An Interview with Ashley Easter

By Janene Cates Putman

Janene writes: I recently had the distinct pleasure of chatting with Christian feminist, writer, speaker, TV producer, news pundit, ordained reverend, life coach, and abuse-victim advocate Ashley Easter. In this short conversation, she gave me such joy and hope. I know you’ll feel it, too.

This interview has been lightly edited for length and clarity. Janene’s questions are noted by her initials, JCP, and Ashley’s answers by her initials, AE. 

Ashley Easter
Ashley Easter

Rocking the World in a Good Way

JCP: Thanks for being with us today, Ashley Easter! Let’s just jump right into it. Will you please give our readers who aren’t familiar with you a brief background on your story?

AE: I grew up in the independent fundamentalist Baptist church. Both of my grandfathers were pastors in that denomination, so I was very churched. I left at around age twenty-one. It was a very patriarchal environment, a very legalistic environment. I experienced multiple forms of abuse growing up in that church experience. Overall, it was not a positive experience, but I did develop faith in God in that community. That faith has since evolved and shifted and grown. I still hold to faith now; it’s just one that is extremely different than the one I grew up with.

JCP: For me, one of the definitions of faith has to do with growing and shifting and evolving. Because I’m not the same person I was yesterday, and my faith is part of me, it makes logical sense in my mind that, as I grow and shift and evolve, my faith would also do those things.

AE: Absolutely – I believe that 100 percent. I know it’s cliché, but I think of a tree; if it’s not growing, it’s dying. I want to see that growth.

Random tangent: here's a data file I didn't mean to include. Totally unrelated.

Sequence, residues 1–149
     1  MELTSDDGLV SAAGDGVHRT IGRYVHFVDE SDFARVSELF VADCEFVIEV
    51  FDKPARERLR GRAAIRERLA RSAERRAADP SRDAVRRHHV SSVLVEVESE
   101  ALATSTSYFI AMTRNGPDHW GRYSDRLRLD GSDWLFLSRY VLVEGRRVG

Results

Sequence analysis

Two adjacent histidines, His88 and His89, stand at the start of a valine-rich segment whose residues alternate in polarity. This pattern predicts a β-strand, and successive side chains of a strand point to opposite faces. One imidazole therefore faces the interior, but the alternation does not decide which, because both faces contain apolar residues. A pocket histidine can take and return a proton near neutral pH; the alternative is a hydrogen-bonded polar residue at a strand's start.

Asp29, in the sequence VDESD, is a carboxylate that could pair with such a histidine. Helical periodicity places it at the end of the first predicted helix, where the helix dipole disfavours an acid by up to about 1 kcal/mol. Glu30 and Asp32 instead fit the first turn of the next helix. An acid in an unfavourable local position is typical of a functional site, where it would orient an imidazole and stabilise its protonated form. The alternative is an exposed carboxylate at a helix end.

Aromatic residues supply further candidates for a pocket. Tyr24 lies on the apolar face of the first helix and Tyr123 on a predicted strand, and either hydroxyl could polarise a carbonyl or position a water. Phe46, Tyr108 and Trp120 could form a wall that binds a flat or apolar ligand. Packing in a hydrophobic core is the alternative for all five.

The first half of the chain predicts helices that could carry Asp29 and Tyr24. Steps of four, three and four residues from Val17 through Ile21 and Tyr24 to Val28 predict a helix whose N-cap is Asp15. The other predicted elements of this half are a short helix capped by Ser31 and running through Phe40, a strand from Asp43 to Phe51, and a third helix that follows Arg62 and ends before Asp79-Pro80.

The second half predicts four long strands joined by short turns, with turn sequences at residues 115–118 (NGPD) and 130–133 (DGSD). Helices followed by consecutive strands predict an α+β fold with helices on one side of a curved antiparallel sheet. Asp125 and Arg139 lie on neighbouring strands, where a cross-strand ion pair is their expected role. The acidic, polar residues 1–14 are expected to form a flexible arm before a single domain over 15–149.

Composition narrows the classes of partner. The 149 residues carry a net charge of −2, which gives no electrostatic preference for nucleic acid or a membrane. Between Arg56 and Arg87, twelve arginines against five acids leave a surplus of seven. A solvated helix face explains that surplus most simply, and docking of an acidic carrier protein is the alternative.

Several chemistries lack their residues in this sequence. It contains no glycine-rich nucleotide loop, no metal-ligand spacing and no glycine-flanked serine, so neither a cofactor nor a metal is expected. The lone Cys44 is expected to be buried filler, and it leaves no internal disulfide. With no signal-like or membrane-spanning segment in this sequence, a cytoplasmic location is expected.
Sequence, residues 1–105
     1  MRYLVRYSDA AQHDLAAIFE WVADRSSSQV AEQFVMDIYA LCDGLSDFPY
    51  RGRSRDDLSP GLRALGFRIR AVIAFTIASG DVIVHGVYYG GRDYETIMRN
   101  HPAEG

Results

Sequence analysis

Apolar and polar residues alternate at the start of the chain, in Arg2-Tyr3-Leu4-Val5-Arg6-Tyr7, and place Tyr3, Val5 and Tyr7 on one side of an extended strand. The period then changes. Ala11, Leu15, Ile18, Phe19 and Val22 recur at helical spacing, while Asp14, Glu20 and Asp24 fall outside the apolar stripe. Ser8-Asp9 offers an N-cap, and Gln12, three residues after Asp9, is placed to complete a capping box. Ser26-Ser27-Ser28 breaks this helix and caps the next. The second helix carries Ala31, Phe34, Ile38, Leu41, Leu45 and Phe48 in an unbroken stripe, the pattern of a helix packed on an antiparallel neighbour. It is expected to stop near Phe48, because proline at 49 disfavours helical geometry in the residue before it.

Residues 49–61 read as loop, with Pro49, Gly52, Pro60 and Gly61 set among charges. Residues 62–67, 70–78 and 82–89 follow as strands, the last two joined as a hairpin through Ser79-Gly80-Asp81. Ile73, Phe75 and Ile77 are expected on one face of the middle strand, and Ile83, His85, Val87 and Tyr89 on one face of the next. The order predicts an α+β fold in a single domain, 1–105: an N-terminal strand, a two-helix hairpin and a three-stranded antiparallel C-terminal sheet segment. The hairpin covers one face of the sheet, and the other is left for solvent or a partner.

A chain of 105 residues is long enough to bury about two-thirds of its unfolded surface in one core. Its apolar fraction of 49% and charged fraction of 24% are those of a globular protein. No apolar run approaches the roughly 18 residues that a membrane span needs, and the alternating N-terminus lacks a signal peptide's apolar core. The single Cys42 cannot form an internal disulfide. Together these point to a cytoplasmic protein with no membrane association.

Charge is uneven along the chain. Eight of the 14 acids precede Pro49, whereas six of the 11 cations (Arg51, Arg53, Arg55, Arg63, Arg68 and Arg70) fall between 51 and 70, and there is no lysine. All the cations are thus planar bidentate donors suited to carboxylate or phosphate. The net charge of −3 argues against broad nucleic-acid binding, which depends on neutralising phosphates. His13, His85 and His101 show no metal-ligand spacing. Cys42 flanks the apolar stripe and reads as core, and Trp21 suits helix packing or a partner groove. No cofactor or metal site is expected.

JCP: Congratulations on your ordination. How did that come about?

AE: From the age of four, maybe even younger, I felt this call to preach. I was one of those kids who would line up my stuffed animals and serve them communion. At bath time, I would pretend my boat was on the Sea of Galilee and I was Jesus preaching to the disciples. It was very much a part of what I felt God was calling me to do from a young age. When I was about seven years old, I disclosed this to my grandfather pastor. His response was not one of anger, but he was very matter-of-fact in telling me that women don’t do that. It was devastating.

Combined with a lot of other things, that really repressed my spiritual gifts, my personality, and my person in general. I lost that passion for years. I thought of other ways to have that gift come out, so I was speaking and writing and finding all the loopholes to preach without preaching. When I discovered egalitarianism and realized that God calls women, too, it took me years from that point, but I steadily regained this desire to become ordained. Last October, I was ordained with the Progressive Christian Alliance. It was a great fit and a very powerful experience. I don’t cry for things like that, but I sobbed. It was so meaningful.

JCP: I love that! I saw something in your bio that fascinated me that I hadn’t heard about. It says you are a TV producer. Please tell me about that.

AE: Last year, I was contacted by a production company, and in the last nine months I have been steadily working with them to develop TV shows around abuse and healing and those types of things. These shows are not out on TV yet; it takes a bit of time. I can’t disclose too much information but stay tuned for a big announcement! This is going to rock the world in a good way and bring the voices of survivors up and out of oppressive environments.

JCP: I totally resonate with that. I just got God-bumps when you were talking about that. I know God is going to do big things with that. I hope when you’re ready for the announcement, you’ll talk to us again.

AE: Oh, that’ll be great.

A Dynamic Duo for a North Star

JCP: You say in your book, The Courage Coach, that, following your abuse, you needed a North Star to guide you. How did you find that North Star, and what is it for you?